?> Andriessen & Associates
March 2018
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Often we are asked by clients to register Construction Liens for them. This generally is not a problem, except for when we find out that the day of last attendance at the construction site was 44 days ago. Why is that a problem? Because of the due diligence searches that law firms do before registering a Construction Lien. Sometimes the property cannot be located on the online Registry System (Teranet) as the address known to the client is different than how it was inputted into Teranet. For this reason you need keep an close eye on your timelines and ensure you give enough notice to the ones preparing the Liens.

You have 45 days from the date of last attendance to register your Construction Lien in the Land Registry Office. If you are outside of your 45 days, then your Lien has expired and your course of action would be suing in the Court system. If you have registered the Lien within the 45 days, you then have another 45 days to perfect your Lien by issuing and registering a Certificate of Action.

Currently, Construction Liens are commenced through the Superior Court, even if the amount you are seeking is under $25,000.00. For many, this may not be worth it as only a lawyer can attend on these matters and not a paralegal. They may choose the Small Claims Court jurisdiction if the amounts are lower than $25,000.00 to recover their losses as it is more cost effective.

Good news: On December 5, 2017, Ontario passed legislation to improve the efficiency of the Construction Lien process and referring Liens under $25,000.00 to the Small Claims Court.

When will this come into effect? We aren’t sure, however, this is great news for our clients with smaller lien amounts and is more cost effective for them.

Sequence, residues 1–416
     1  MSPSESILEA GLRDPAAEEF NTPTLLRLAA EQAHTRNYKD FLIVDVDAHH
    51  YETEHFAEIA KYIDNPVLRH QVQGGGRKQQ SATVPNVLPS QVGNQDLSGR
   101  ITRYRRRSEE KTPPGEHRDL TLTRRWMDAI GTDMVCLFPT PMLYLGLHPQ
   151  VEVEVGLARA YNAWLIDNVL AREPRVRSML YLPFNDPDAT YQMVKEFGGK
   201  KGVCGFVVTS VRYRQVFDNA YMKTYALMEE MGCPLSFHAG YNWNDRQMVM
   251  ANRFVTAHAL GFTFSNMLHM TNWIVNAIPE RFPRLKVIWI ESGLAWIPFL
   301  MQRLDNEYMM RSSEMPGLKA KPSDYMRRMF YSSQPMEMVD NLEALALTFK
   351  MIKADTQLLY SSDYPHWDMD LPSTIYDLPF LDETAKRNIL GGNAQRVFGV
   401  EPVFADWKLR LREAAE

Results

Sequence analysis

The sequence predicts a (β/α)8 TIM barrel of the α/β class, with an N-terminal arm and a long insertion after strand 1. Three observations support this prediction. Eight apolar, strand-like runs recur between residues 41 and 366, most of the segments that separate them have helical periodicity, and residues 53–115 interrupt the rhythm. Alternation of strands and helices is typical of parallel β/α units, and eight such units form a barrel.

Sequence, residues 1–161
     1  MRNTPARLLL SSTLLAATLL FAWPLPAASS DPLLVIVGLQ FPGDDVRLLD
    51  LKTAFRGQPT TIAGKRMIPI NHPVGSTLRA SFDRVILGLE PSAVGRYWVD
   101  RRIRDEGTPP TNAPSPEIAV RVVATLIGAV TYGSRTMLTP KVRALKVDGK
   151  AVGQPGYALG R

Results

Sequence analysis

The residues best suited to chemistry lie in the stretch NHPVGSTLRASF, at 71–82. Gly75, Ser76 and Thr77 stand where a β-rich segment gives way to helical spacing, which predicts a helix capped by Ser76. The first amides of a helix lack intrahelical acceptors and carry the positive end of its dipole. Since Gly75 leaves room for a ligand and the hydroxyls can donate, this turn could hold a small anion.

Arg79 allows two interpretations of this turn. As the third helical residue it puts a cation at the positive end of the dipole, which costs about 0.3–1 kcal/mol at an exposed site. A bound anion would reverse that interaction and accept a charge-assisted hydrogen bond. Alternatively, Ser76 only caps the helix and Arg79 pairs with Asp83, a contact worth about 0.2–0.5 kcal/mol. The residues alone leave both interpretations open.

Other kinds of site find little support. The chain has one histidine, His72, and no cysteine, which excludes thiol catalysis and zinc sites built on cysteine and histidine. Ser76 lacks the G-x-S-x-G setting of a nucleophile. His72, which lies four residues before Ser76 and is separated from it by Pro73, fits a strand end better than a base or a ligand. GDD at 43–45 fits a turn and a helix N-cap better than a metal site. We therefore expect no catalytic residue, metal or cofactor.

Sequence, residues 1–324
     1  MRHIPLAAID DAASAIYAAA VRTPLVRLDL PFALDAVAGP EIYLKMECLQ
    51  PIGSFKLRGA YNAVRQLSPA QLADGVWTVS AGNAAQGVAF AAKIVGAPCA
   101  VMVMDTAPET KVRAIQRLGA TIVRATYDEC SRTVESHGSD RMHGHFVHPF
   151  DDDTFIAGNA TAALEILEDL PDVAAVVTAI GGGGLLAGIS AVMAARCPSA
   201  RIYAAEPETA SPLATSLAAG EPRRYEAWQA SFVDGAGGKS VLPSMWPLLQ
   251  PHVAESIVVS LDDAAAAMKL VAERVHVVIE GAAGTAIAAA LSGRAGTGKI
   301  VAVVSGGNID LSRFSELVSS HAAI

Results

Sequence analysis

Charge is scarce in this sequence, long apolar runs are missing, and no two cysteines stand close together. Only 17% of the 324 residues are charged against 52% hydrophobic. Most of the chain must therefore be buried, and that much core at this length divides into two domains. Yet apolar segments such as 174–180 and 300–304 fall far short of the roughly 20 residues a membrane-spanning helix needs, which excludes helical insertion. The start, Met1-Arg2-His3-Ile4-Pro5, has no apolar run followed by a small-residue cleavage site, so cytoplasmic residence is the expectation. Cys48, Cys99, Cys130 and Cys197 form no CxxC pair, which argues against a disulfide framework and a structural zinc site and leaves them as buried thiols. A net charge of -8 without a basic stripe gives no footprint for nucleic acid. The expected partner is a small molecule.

Christine Allan, Law Clerk

Over the years, I have assisted vehicle owners in getting their vehicles back from parties (lien claimants) who have allegedly repaired, stored or towed their vehicle. These owners have never agreed to the amount(s) charged by the lien claimant, or someone else had their vehicle and caused the alleged amount(s) to be owed to the lien claimant.
Under the Repair and Storage Liens Act (RSLA), those who repair, store or tow a vehicle are entitled to register a lien against the title of that vehicle if payment is not made to them for their services.

There are times however, that you don’t agree with the charges and a lien claimant has possession of your vehicle, but want your car back. What do you do?

In order to get your vehicle back from a lien claimant, you are first required must pay the amount claimed into Court under Section 24 of the RSLA. By paying the amount(s) into Court, the lien claimant’s rights transfer from your vehicle to the money you paid into Court.

In addition to paying in the money into Court, an Application for Initial Certificate under Section 24 must be filed and served on the lien claimant. They must then either file an Objection, where you would then be required to pay an additional amount into Court or, within 3 days, the lien claimant must return the vehicle to you.

If an Objection is filed, and you paid the additional amount into Court, a Final Certificate is then issued by the Court which you serve on the lien claimant, who then must immediately return the vehicle to you. If they refuse to deliver the vehicle to you, a Writ of Seizure is filed with the Sheriff which allows them to get your vehicle back from them.

It is then up to the lien claimant who is claiming a right to the money you paid into Court to proceed with legal action against you for that money. If you do not get sued within ninety days, you can file a Motion with the Court and get that money back.

If you are sued for that money, it proceeds like a regular court action.

If you find yourself in a similar situation where a party has possession of your vehicle and is claiming lien rights, and you do not agree with those charges, reach out to us, and we will be more than happy to help get your vehicle back.